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In vitro methane formation and carbohydrate fermentation by rumen microbes as influenced by selected rumen ciliate species


Zeitz, Johanna O; Kreuzer, Michael; Soliva, Carla R (2013). In vitro methane formation and carbohydrate fermentation by rumen microbes as influenced by selected rumen ciliate species. European Journal of Protistology, 49(3):389-399.

Abstract

Ciliate protozoa contribute to ruminal digestion and emission of the greenhouse gas methane. Individual species of ciliates co-cultured with mixed prokaryote populations were hypothesized to utilize carbohydrate types differently. In an in vitro batch culture experiment, 0.6 g of pure cellulose or xylan was incubated for 24 h in 40-mL cultures of Entodinium caudatum, Epidinium ecaudatum, and Eudiplodinium maggii with accompanying prokaryotes. Irrespective of ciliate species, gas formation (mL) and short-chain fatty acids (SCFA) concentrations (mmol L(-1)) were higher with xylan (71; 156) than with cellulose (52; 105). Methane did not differ (7.9% of total gas). The SCFA profiles resulting from fermentation of the carbohydrates were similar before and after removing the ciliates from the mixed microbial population. However, absolute methane production (mL 24 h(-1)) was lower by 50% on average after removing E. caudatum and E. maggii. Methanogen copies were less without E. maggii, but not without E. ecaudatum. Within 3 weeks part of this difference was compensated. Butyrate proportion was higher in cultures with E. maggii and E. ecaudatum than with E. caudatum and only when fermenting xylan. In conclusion, the three ciliate species partly differed in their response to carbohydrate type and in supporting methane formation.

Abstract

Ciliate protozoa contribute to ruminal digestion and emission of the greenhouse gas methane. Individual species of ciliates co-cultured with mixed prokaryote populations were hypothesized to utilize carbohydrate types differently. In an in vitro batch culture experiment, 0.6 g of pure cellulose or xylan was incubated for 24 h in 40-mL cultures of Entodinium caudatum, Epidinium ecaudatum, and Eudiplodinium maggii with accompanying prokaryotes. Irrespective of ciliate species, gas formation (mL) and short-chain fatty acids (SCFA) concentrations (mmol L(-1)) were higher with xylan (71; 156) than with cellulose (52; 105). Methane did not differ (7.9% of total gas). The SCFA profiles resulting from fermentation of the carbohydrates were similar before and after removing the ciliates from the mixed microbial population. However, absolute methane production (mL 24 h(-1)) was lower by 50% on average after removing E. caudatum and E. maggii. Methanogen copies were less without E. maggii, but not without E. ecaudatum. Within 3 weeks part of this difference was compensated. Butyrate proportion was higher in cultures with E. maggii and E. ecaudatum than with E. caudatum and only when fermenting xylan. In conclusion, the three ciliate species partly differed in their response to carbohydrate type and in supporting methane formation.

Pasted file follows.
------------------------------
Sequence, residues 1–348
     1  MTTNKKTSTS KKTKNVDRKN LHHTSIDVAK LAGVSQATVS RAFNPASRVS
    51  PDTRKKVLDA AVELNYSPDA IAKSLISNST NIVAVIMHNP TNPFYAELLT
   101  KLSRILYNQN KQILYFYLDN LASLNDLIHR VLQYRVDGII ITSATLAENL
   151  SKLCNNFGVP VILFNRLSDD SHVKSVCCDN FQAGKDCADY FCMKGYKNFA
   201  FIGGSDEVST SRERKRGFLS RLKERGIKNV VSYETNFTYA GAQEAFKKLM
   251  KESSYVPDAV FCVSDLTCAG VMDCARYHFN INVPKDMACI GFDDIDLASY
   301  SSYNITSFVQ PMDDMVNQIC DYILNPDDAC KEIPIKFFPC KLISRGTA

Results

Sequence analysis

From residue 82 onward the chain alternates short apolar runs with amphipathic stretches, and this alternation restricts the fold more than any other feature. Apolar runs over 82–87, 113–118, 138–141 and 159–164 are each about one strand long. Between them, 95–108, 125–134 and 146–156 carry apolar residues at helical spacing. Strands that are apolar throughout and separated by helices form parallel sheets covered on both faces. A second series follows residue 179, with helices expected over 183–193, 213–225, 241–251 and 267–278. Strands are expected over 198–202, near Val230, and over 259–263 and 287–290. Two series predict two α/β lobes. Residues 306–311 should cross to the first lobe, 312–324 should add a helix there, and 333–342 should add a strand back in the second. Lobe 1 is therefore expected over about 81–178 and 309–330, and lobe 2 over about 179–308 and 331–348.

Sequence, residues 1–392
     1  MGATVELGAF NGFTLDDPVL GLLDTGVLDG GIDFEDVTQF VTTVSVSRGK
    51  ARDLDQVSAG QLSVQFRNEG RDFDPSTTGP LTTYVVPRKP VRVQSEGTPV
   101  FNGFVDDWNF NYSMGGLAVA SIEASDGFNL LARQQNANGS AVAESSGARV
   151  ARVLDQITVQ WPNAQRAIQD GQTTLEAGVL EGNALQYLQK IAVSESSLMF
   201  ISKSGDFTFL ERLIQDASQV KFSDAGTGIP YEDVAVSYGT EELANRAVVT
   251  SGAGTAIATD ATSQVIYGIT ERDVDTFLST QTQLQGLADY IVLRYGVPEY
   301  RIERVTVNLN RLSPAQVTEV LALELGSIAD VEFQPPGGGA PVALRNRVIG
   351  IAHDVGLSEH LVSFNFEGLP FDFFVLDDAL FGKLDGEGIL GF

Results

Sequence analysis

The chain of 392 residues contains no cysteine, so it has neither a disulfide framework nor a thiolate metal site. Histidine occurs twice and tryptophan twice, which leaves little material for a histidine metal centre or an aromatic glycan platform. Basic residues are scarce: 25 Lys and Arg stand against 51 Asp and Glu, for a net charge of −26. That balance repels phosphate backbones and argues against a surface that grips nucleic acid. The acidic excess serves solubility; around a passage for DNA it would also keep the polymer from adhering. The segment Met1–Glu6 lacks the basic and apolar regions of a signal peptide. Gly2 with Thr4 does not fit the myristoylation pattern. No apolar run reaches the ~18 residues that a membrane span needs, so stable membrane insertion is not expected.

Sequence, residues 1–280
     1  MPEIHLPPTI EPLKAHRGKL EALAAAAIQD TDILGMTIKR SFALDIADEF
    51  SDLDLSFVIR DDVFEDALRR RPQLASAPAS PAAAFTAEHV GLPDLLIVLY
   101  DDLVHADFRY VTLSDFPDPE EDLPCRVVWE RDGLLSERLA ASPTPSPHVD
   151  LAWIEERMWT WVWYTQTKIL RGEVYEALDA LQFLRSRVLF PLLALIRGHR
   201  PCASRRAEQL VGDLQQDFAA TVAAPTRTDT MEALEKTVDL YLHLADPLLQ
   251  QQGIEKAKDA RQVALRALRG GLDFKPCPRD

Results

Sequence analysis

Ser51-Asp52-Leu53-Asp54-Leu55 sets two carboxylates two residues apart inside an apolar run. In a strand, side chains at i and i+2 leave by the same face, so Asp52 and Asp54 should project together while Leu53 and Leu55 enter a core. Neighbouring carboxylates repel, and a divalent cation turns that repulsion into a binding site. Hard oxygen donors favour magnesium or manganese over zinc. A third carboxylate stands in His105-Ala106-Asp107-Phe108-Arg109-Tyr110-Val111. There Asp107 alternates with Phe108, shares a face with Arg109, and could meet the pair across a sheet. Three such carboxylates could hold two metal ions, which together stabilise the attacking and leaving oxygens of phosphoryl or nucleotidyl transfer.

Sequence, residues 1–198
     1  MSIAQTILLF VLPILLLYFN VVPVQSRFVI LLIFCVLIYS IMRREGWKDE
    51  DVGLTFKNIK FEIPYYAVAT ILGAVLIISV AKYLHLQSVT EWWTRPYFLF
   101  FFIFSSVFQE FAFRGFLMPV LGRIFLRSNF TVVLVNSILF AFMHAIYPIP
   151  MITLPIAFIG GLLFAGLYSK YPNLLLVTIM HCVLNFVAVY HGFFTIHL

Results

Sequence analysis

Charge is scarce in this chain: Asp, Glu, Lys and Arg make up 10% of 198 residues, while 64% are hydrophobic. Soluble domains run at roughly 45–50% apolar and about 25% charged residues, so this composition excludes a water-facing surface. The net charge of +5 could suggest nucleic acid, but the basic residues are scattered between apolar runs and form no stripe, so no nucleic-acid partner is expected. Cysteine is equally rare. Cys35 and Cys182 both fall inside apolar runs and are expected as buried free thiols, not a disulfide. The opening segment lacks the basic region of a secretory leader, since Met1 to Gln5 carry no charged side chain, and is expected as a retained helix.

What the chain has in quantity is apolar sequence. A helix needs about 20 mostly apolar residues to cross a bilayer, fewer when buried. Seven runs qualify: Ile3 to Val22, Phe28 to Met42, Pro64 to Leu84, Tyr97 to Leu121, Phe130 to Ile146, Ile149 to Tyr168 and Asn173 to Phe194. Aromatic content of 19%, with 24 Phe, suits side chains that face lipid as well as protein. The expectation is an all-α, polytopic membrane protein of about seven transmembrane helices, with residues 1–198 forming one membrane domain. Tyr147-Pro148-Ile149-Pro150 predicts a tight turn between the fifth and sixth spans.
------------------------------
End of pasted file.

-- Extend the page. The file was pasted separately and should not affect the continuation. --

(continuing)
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Additional indexing

Item Type:Journal Article, refereed, original work
Communities & Collections:05 Vetsuisse Faculty > Institute of Animal Nutrition
Dewey Decimal Classification:570 Life sciences; biology
630 Agriculture
Uncontrolled Keywords:Cellulose; Entodinium; Epidinium; Eudiplodinium; Fiber; Hemicellulose
Language:English
Date:8 April 2013
Deposited On:08 Aug 2013 13:17
Last Modified:05 Apr 2016 16:53
Publisher:Elsevier
Publisher DOI:https://doi.org/10.1016/j.ejop.2013.02.003
PubMed ID:23578814

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